In my brief experience with the Well, I think that the people over there represent a small cabal of deeply misguided, confused people who don't understand the changing political situation in the United States, and who don't see the coming tsunami of technological innovation in the transportation industry and in the nation's energy infrastructure on the horizon [Emphasis mine...so that we can all better feel the patronizing tone washing over us.]. These changes could potentially lay waste to Midland, and they are either too blind or insouciant to see it.
----- Texas Soulja
This leaves me a bit confused. Did we build the stadium too big or too small to stem the coming tsunami of technological innovation? Will more skyboxes for the Rockhounds slow or speed up our adaptation to the nation's changing energy infrastructure?
Oh, but he must mean the MDC. But then we will probably have a philosophical split concerning the city government's role in directing the economy. While we both agree that there will be no better a time for "Midland" to seize upon its prosperity and diversify the local economy we almost certainly disagree on how this is best and most genuinely done.
In the above example, to me "Midland" should mean individuals and businesses in Midland taking this opportunity to use their windfalls gained either directly or indirectly from high oil prices and based upon their (literally) thousands and thousands of individual competencies, experiences, and judgements on how they can best protect themselves from a downturn in the oil market then making investment decisions accordingly. The job of the governmental agencies in this scenario is to facilitate a pro-business climate for all comers, not just a chosen few.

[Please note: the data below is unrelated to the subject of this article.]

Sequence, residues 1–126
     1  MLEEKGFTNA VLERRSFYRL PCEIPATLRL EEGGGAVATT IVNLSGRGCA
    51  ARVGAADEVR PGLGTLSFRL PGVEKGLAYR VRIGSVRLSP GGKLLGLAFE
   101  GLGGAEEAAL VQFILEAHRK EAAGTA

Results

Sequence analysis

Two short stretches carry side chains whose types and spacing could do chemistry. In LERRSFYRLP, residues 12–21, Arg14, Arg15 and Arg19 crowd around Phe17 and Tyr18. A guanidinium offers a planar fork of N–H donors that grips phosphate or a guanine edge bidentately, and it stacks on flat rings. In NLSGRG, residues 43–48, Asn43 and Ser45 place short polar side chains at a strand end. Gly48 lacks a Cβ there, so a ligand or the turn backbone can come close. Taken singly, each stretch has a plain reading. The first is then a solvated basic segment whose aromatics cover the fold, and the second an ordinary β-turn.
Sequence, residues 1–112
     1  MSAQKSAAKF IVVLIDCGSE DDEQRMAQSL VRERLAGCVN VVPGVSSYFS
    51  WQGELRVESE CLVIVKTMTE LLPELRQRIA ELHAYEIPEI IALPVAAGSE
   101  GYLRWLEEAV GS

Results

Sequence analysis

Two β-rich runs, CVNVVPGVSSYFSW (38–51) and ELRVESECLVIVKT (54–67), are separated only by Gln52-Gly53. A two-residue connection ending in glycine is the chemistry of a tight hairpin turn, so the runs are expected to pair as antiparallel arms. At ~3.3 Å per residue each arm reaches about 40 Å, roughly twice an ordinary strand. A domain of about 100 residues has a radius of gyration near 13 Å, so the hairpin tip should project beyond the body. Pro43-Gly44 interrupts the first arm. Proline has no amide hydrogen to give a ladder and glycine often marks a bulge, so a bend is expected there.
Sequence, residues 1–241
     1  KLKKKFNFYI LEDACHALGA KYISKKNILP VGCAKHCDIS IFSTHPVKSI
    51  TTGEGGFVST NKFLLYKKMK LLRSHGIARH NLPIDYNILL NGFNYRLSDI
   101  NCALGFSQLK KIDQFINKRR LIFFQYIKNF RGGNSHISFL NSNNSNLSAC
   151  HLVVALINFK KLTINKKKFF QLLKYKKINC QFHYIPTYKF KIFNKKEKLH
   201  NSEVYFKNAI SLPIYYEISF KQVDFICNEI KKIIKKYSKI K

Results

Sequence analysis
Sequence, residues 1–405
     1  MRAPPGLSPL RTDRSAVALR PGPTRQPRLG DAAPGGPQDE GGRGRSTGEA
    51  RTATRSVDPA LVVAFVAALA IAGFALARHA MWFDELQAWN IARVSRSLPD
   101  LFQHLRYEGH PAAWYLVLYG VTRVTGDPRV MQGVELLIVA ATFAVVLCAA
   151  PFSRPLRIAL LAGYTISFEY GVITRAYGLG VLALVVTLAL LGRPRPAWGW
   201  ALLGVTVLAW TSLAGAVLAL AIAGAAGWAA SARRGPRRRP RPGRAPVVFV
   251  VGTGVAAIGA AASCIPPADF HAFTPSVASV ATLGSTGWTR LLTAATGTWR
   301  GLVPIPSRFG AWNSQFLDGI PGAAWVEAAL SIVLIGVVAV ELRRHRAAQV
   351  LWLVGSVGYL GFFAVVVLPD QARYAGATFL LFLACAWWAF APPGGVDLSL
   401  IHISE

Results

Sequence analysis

To others, apparently, "Midland" in this context means a six member board of political appointees placing an extra tax on all business and individuals so that they may initiate the transfer of public funds to private concerns in order to "incent" these otherwise relunctant businesses to relocate or expand here.
It is icing on the cake for those of us in the small cabal of the disgruntled non-visionary that an actual look at who the MDC has been giving money to bolsters our case, not theirs.
If the MDC starts a blog of its own I hope Texas Soulja will write for them...and will leave the comments open.
November 16, 2007
November 16, 2007
Consultants hired to develop strategic plan indicate that the economic development corporation needs a blog to counter online critics and keep public informed of changes as MDC implements recommendations.
Update: Jimmy the P weighs in.
November 14, 2007
It doesn't come as any real shock that the Scharbauer Sports Complex is underperforming the expectations of its supporters. More interesting is the possibility that it may even be underperforming the expecations of its critics. The cynic in me tells me that its supporters are hardly shocked. They passed the referendum, built the complex, engraved the names on the placque and are now long down the road when the reality hits....as they knew they would be.
Of course we can't turn back time and re-vote on the issue nor can or should we bulldoze the venue.
All we can do is take away one simple lesson and it is this: If the powers that be commissioned a feasibility study on the stadium complex this very day it would still come back with numbers that would make their collectivist...er...I mean collective mouths water. Just as would a feasibility study commissioned today for the La Enterada industrial building, which as far as anyone can tell is serving as an "Air Museum", perhaps in cooperation with the Air Power Heritage Museum next door.
Feasibility studies are not a discovery process, rather they are paper-based ass-coverings.
It will serve us well to remember this because the push for a new (and Feasible! Feasible. Feasible. Feasible.) convention center is not dead. Far from it.